But argan seeds are on the larger side, and researchers didn’t think goats would particularly enjoy trying to poop them out. To get a closer look, they fed domesticated goats six types of fruit. Then things got extra-glamorous, as they watched and waited for the goats to extrude the seeds.

And extrude they did—just not from the end you might expect. Rather than digesting and passing the whole fruit, the goats chewed it, swallowed it, digested it partially, then regurgitated it, chewed it again, and spit out the seeds.

The researchers collected those seeds and planted them, with great success. The majority of seeds had survived their harrowing journey through the front end of a goat and began to sprout.

This dispersal-via-spitting represents a previously unknown tree reproduction strategy. Goats are far from the only animals that chew their cud or spit it back out. This could be big.

“If spitting viable seeds from the cud is widespread among ruminants,” the authors note, “its ecological relevance could be important.”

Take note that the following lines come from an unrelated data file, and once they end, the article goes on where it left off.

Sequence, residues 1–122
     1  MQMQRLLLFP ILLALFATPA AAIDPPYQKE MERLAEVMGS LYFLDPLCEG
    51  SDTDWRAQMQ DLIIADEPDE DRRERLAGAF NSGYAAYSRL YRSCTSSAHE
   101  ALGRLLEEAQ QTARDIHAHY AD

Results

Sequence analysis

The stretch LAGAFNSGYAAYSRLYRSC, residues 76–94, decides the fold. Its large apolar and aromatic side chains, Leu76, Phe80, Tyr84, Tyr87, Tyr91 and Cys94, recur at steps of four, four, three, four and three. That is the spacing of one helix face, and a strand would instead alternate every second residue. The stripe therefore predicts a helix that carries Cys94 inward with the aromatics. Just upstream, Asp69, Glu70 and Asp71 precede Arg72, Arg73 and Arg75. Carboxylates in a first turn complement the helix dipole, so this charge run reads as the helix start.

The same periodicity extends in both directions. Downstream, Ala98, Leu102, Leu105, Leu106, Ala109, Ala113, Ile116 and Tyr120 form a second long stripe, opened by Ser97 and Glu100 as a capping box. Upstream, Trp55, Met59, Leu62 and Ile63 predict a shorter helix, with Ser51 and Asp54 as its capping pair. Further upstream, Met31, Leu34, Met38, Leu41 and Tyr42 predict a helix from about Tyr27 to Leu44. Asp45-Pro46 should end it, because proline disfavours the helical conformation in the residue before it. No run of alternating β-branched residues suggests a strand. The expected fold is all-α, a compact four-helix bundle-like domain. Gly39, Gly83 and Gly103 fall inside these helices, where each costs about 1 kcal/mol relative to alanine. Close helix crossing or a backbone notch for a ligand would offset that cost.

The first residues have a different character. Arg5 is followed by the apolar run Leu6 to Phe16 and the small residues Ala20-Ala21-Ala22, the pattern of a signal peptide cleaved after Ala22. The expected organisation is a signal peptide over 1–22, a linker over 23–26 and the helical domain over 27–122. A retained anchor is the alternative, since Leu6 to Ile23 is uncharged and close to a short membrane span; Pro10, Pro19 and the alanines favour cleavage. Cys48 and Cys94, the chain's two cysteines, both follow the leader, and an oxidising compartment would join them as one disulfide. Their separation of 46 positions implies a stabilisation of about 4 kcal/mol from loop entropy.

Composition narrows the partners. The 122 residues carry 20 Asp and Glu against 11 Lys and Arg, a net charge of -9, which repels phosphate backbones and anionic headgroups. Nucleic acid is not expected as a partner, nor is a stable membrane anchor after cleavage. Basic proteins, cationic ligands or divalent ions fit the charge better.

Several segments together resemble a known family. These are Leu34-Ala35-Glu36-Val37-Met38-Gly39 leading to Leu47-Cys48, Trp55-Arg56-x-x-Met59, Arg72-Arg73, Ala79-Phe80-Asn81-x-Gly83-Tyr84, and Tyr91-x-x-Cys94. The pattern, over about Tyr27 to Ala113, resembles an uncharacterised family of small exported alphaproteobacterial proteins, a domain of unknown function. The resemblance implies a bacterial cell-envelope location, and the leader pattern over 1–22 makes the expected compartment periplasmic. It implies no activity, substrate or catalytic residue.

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Animals
Owning a Dog May Add Years to Your Life, Study Shows
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We've said that having a furry friend can reduce depression, promote better sleep, and encourage more exercise. Now, research has indicated that caring for a canine might actually extend your lifespan.

Previous studies have shown that dog owners have an innate sense of comfort and increased well-being. A new paper published in Scientific Reports and conducted by Uppsala University in Sweden looked at the health records of 3.4 million of the country's residents. These records typically include personal data like marital status and whether the individual owns a pet. Researchers got additional insight from a national dog registry providing ownership information. According to the study, those with a dog for a housemate were less likely to die from cardiovascular disease or any other cause during the study's 12-year duration.